Strength Training

Most new runners will benefit from some strength training aimed at building leg and core strength. These bodyweight exercises are ideal for runners. Do them at home or in the gym. They’re great for preventing injuries.

Treadmill Program

Whichever plan you choose to follow, you should find the training program challenging but doable. Try running at different speeds but ultimately pick a pace you can maintain comfortably for the length of the interval sessions.

If you get to the end of a week and feel completely drained – repeat a week. You’re in this for the long term. There are no prizes for completing your couch to 5k treadmill program quickly.

What Speed On A Treadmill Is C25K?

The couch to 5k uses a run/walk/run method to help your body slowly adjust to running continuously.

The running intervals should be at a brisk pace where you can still hold a conversation as your run but you’re making a continuous effort.

Your pace will depend on your current fitness level – you want to get your heart rate up but run at a pace where you can complete your running workout.

For the average runner, the run intervals will be at a speed between 6 to 8 km per hour (about 4 to 5 miles per hour). Don’t worry if your running pace is slower – the aim of couch to 5k is running consistently. Speed will come later.

The walk intervals should be at a brisk walk – about 4 to 5 km per hour (2.5 to 3.5 miles per hour).

The treadmill will help you walk and run at consistent paces. Key to completing couch to 5k treadmill is avoiding setting the pace too high. Aim for paces that are achievable.

couch to 5k treadmill training plan
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Does A 5K Running App Work With A Treadmill?

You can use your favorite couch to 5k running app with your treadmill or key in the training sessions provided below for different couch to 5k training plans.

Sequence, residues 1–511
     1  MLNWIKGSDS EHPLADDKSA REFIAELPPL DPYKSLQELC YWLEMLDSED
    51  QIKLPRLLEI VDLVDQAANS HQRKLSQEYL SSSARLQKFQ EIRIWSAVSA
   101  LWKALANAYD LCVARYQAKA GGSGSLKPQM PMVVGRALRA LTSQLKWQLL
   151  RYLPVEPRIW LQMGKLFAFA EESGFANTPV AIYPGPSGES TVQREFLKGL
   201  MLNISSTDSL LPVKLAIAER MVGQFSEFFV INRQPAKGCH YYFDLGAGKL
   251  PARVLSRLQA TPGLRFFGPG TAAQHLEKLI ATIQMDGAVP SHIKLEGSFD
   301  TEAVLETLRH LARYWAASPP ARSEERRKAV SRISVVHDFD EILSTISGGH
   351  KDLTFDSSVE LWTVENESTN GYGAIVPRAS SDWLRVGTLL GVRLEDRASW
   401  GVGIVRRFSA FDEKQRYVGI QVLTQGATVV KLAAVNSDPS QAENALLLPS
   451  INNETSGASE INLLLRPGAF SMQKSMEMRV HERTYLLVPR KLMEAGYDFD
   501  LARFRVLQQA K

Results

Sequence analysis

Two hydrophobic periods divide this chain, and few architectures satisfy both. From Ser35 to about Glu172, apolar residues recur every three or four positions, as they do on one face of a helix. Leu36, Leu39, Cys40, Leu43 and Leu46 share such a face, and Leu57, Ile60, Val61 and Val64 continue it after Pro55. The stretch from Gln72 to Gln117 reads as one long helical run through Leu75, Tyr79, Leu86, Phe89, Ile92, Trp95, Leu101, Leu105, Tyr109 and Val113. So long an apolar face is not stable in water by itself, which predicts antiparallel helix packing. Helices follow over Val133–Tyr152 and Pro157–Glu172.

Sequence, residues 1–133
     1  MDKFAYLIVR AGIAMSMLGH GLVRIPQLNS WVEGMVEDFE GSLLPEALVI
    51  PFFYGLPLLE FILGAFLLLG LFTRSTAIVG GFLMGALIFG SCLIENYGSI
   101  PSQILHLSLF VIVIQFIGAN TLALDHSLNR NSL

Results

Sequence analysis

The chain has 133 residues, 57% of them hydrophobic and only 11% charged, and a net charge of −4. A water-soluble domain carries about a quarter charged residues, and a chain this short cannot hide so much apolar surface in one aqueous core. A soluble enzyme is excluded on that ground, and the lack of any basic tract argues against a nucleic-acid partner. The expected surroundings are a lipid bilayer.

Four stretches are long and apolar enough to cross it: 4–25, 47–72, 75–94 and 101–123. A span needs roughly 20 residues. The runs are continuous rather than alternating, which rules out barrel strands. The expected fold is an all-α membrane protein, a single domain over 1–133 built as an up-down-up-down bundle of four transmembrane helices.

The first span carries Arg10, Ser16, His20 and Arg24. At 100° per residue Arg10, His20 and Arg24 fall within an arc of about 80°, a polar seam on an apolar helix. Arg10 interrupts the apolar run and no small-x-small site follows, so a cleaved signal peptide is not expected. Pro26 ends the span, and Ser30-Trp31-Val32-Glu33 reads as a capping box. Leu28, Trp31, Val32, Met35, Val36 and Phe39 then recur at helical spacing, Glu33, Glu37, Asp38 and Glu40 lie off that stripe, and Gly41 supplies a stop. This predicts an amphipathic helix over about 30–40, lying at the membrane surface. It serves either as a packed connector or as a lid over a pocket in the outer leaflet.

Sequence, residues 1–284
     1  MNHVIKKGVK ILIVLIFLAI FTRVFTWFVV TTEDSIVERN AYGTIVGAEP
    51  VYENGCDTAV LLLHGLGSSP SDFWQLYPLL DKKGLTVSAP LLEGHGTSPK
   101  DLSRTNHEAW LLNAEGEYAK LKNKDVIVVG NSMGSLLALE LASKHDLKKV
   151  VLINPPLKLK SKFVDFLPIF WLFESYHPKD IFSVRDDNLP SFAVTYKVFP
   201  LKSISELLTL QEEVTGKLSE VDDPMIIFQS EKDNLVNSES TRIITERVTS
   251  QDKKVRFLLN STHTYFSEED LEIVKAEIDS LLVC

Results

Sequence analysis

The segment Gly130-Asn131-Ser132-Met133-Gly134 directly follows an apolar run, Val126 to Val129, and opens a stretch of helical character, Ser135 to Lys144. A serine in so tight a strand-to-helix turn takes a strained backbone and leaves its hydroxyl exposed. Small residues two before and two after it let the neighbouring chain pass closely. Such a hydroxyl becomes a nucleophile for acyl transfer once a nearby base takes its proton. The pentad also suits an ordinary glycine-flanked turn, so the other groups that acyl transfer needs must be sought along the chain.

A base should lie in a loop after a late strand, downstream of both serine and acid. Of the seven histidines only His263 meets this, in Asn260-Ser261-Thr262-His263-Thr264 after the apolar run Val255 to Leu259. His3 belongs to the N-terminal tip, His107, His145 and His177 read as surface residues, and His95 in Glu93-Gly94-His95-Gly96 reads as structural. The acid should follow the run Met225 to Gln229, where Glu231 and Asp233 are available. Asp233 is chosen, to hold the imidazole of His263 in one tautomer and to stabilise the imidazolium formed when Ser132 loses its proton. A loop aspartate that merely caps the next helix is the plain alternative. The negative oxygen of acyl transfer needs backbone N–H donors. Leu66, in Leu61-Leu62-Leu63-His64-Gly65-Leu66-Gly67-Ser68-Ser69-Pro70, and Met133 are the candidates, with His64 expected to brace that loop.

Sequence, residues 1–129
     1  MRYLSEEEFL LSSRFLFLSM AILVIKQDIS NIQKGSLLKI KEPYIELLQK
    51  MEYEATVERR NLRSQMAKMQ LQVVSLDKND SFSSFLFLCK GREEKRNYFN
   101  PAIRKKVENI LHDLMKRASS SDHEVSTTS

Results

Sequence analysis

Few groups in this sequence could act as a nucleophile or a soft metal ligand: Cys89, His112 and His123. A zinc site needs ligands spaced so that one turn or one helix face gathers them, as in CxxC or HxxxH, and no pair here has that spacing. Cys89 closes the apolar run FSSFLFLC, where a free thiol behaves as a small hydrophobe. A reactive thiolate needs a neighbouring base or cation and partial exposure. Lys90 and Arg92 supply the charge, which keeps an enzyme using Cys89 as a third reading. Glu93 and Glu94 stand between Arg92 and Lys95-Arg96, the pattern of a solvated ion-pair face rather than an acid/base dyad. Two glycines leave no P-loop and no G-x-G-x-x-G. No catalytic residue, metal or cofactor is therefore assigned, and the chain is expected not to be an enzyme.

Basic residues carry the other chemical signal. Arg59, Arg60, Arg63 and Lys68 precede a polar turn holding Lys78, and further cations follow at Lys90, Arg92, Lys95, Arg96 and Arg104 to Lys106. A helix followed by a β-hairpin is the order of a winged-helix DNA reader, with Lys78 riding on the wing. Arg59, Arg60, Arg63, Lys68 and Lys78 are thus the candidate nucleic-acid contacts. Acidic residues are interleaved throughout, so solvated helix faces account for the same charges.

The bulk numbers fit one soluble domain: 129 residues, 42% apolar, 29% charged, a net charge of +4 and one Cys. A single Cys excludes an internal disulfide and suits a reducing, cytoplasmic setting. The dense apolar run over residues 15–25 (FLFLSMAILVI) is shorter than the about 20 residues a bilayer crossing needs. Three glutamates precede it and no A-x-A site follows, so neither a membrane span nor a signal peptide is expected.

Beginner Runners Couch To 5K Training Plans

Choosing a couch to 5k program should depend on your current level of fitness – not how many weeks you have until race day!

The most important thing for new runners is regular exercise and building weekly mileage slowly. The 9 and 6-week training plans include three rest days per week. Try and make some of these rest days an active day of rest where you walk with friends, swim, or cycle – move your body instead of sitting on the couch!

If you’re already fit from other sports and up for a challenge, try the 5-week 5k treadmill plan.

For new runners carrying a lot of excess weight, consider starting a walking for weight loss plan first.

It will be easier on your joints and you can do this walking for weight loss plan on a treadmill. You can always switch to running when you’ve lost some weight and got a bit fitter.

Couch To 5K Treadmill 6-Week Training Plan

A plan for new runners who have some fitness from other sports.

Couch To 5K Treadmill 6 week beginner training plan

Couch To 5K 5-Week Training Plan

Already fit and up for a challenge? Try this 5-week plan…

Couch to 5K Training Plan in 5 weeks

Related post: Couch To 5K Plan (It Doesn’t Work For Everyone) an in-depth guide and everything you need to know about Couch to 5K.